By the end of Omar Minaya's run, the Mets were in financial quicksand with a farm system bereft of the talent that any well-run club has the benefit of falling back on.  

A youth-oriented strategy focused on building from within was implemented.  Long-term contracts were avoided, veterans of value were shipped out and stockpiling young pitching became a top priority.  Today the Mets are an organization extremely deep in pitching talent at all levels with a minor league system to be proud of. 

New York has arrived at this point by committing to minor league development while, simultaneously, carefully monitoring expenditures.  On the possible brink of sustainable prosperity and accomplished on the backs of a youth-infused roster and a steadfast approach still yet to run its full course.

Establish a winner internally.  The tantalizing, pricey pieces should be supplemental to a GM, not serve as linchpins.   

 

Spend Prudently or Not at All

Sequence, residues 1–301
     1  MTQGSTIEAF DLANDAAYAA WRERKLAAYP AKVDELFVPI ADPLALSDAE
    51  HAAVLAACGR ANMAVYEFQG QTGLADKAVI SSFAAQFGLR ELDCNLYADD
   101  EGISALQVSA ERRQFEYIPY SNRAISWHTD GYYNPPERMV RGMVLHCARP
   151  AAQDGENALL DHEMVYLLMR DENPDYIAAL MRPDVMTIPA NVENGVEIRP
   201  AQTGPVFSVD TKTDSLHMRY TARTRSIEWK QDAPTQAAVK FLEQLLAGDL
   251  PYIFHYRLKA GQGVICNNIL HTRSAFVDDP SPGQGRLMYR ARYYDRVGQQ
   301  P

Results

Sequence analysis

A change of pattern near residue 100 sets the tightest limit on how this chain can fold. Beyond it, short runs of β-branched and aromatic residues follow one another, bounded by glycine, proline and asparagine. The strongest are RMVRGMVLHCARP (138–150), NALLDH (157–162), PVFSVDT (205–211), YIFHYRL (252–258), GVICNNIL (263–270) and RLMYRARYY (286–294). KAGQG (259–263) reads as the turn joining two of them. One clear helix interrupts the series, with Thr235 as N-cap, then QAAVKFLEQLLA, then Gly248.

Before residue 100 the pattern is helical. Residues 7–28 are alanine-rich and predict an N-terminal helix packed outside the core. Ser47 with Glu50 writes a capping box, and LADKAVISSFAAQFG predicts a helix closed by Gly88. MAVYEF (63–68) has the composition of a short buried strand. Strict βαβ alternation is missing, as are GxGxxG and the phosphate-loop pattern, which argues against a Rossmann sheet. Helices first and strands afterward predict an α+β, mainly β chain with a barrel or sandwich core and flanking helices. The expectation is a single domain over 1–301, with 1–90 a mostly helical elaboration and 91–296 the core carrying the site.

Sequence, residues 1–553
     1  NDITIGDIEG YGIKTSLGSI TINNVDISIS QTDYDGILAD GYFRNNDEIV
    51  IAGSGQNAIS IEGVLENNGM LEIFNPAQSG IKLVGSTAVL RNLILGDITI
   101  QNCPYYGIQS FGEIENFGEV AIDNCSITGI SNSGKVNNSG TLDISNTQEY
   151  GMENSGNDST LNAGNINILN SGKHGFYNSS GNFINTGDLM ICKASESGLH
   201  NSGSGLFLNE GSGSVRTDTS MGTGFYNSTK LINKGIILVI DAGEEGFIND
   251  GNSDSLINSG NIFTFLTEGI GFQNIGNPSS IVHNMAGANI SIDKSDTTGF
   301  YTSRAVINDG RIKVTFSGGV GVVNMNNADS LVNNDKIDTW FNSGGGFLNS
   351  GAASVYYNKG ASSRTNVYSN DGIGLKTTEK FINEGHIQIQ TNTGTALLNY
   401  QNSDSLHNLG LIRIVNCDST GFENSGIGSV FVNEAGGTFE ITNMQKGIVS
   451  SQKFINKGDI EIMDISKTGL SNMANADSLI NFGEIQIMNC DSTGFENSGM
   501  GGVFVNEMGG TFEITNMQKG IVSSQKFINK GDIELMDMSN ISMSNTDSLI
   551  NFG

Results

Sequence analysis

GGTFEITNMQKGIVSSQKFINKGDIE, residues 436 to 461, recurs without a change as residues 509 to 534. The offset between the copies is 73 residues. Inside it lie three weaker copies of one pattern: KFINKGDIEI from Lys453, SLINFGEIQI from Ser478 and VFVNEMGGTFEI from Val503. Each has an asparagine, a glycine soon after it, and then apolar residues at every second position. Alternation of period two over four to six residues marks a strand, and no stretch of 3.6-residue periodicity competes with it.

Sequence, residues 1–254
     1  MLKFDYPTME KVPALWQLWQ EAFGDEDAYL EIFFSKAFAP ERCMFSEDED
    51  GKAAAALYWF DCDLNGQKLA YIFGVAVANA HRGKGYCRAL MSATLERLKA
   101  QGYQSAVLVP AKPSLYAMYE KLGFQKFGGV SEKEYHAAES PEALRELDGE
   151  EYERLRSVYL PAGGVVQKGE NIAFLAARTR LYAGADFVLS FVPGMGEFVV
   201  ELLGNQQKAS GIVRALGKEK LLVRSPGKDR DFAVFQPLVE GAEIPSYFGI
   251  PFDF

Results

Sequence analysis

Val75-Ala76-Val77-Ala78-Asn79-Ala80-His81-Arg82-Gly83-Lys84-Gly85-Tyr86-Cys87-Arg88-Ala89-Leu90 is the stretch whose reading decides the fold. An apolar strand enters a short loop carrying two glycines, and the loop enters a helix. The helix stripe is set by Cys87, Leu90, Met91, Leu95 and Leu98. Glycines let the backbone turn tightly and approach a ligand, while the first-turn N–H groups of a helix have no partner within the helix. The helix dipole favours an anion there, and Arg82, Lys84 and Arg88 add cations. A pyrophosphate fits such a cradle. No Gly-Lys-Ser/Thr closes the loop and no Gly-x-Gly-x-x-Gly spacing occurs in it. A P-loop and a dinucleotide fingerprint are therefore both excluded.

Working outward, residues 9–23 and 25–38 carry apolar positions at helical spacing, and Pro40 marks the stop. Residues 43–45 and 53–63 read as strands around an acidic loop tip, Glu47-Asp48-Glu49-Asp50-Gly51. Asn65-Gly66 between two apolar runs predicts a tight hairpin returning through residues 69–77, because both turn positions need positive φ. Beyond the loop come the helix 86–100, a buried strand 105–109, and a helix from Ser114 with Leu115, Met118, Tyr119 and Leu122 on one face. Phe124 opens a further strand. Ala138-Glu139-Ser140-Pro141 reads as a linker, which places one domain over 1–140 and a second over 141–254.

Steering clear of the primary issue that got the Mets here in the first place served to afford the Mets some financial flexibility this winter—but that doesn't necessarily mean it should be flexed.  

Not all of it at least.  Not yet.

A single poor gamble could leave the Mets in the familiar strapped-for-cash position that excused their spending habits—or lack thereof—since Alderson's arrival.  We bemoaned Wilpon for his ambiguous legal standing while tied up in litigation and begrudgingly accepted the organizational consequences.  

The new GM would demonstrate payroll restraint while he waited for the final two bad contracts to come off the books prior to the 2014 season.  It gave the Mets time to put a new plan in motion and ownership time to get their finances in order.

Now Alderson has some disposable capital, but the franchise can find itself in an all-too-familiar scenario if he isn't careful.  A single poor gamble is all it takes to leave the Mets strapped for cash next winter.